“This is the best thing I ever did—in so many ways,” Jim Evans says. He’s talking about moving to Ecuador and opening a business. His small shop in the historic downtown district of Cuenca, Ecuador is close to the Concepcion Convent, an institution that traces its roots back to 1599. The rhythm of life surrounding the convent is simple, unhurried, and low-stress—exactly what Jim was looking for when he relocated in December 2009.
On any given evening, you’ll find Kasie Estevez serving up drinks and tasty snacks while laughing with the regulars at the bar she opened in Cotacachi, Ecuador. “I love it here,” she says. “The weather’s good, and you develop friendships like nowhere else. I think people have more time to invest in relationships.” Plus the cost of living is low. A couple can live on as little as $1,600 a month in Cotacachi. Kasie finds that Ecuador’s slow pace allows her to enjoy life more. It’s a far cry from holding down a sales job as a single mother in Las Vegas.
It would be a challenge for anyone to find a more perfect picture of paradise than Vilcabamba, Ecuador. This little valley is surrounded by the majestic peaks of the Andes and is the perfect example of the “eternal spring” that the country is well known for. With warm days, dependable rain, and little change in weather year-round, it is a lush South American Eden. Dennis D’Alessandro is one of the many North Americans who have come to Vilcabamba to enjoy the climate and opportunities presented. As a third generation organic farmer from Pennsylvania he brought his skills and knowledge to Ecuador.
Jamie and Barbara Quinion have no regrets about their move to western Belize. “We’re not just living our dream of the good life,” Barbara says of the couple’s new life in the ancient Maya village of San José Succotz, in Belize’s Cayo District. “We are living the ‘excellent life!’” Five years ago, they decided to sell their winery in Canada and move abroad, for several reasons. “What attracted us to Belize is that it’s English-speaking—that was a big plus—with a good climate, really friendly people, and incredible diversity for such a small country. We live in the farthest point west on the mainland, where we go swimming, tubing, hiking, biking, birdwatching, or just enjoy the great view from our property.”
“We love our life here, meeting new people who come to the resort, fishing when we want to, and relaxing in our new house,” say Texans Rex and Connie Hudson of their new life in Panama’s Chiriquí province. “It’s just about perfect.” Rex and Connie are the owners and managers of Hooked On Panama, in partnership with two other U.S. couples. Hooked On Panama is a fishing lodge and resort in a remote area of Chiriquí province. The property is located south of Puerto Armuelles near the end of Punta Burica, a narrow peninsula that extends into the Pacific Ocean and borders Costa Rica.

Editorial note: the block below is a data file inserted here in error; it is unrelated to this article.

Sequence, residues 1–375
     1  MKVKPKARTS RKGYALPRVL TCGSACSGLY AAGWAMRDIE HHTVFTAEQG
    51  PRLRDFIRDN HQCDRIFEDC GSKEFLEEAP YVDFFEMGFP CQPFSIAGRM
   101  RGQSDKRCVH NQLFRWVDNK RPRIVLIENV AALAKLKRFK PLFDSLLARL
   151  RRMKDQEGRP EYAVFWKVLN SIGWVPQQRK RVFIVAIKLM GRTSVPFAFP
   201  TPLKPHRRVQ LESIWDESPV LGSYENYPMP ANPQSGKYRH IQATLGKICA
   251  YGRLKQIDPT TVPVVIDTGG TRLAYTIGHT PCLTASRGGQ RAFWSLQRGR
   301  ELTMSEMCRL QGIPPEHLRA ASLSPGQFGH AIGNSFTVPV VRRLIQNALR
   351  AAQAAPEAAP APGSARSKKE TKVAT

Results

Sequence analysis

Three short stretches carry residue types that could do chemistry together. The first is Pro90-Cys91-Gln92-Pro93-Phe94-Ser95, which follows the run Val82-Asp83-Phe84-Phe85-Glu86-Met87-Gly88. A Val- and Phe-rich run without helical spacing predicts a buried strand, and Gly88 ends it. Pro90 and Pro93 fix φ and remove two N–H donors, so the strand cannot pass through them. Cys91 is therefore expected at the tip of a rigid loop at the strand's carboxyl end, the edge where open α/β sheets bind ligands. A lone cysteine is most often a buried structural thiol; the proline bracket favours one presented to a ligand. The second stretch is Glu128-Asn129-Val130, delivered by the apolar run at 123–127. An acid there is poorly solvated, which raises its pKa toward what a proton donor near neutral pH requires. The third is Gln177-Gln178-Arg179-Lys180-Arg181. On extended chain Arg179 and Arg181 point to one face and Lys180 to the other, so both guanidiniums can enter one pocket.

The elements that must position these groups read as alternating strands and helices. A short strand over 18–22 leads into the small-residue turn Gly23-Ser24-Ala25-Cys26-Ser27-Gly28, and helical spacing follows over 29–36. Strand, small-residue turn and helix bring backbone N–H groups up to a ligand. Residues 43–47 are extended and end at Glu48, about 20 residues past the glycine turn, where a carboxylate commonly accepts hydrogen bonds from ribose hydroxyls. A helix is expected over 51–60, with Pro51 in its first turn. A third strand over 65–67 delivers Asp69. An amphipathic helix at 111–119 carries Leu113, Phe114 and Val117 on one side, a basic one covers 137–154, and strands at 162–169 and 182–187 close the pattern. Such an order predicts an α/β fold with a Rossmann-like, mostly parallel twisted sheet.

I am the only one on the planet with this particular view. The sun is rising over three beautiful islands and an ocean that’s pale aqua-blue turning to turquoise where the untouched coral reef is, then to cobalt in the deep water. I watch the lazy boat traffic and ever changing light from my covered hanging bed. There’s a trick with hanging beds I’ve discovered—get one side slightly shorter than the others, and it will automatically sway.
If someone told my younger self that one day my photographs would rescue me from the daily grind…allow me to spend more time with my family…afford me the opportunity to travel the world…and foot the bill to boot…I would have told them they were cuckoo. But photography has led me to climb volcanoes in Hawaii…go dog-sledding on Alaskan glaciers…drive game safaris in South Africa…and chase storms across the globe! Thirty-two countries have stamped my passport…and that is just the beginning!
Shaking as much from the cold as from my barely contained excitement, I set up my tripod on the edge of the pier and pointed my camera towards the sky. The Northern Lights were silently dancing, dressed in green and purple silk above Reykjavik, the capital of Iceland. Moments like these are what make me pursue my passion…traveling around the world and capturing the beauty of different environments and cultures through my lens. I had always been told that following a passion or a hobby and making money online was difficult. I had to be a responsible person and have a good job, which in my case, was in the human resources department in a big company in Abu Dhabi, capital of the United Arab Emirates.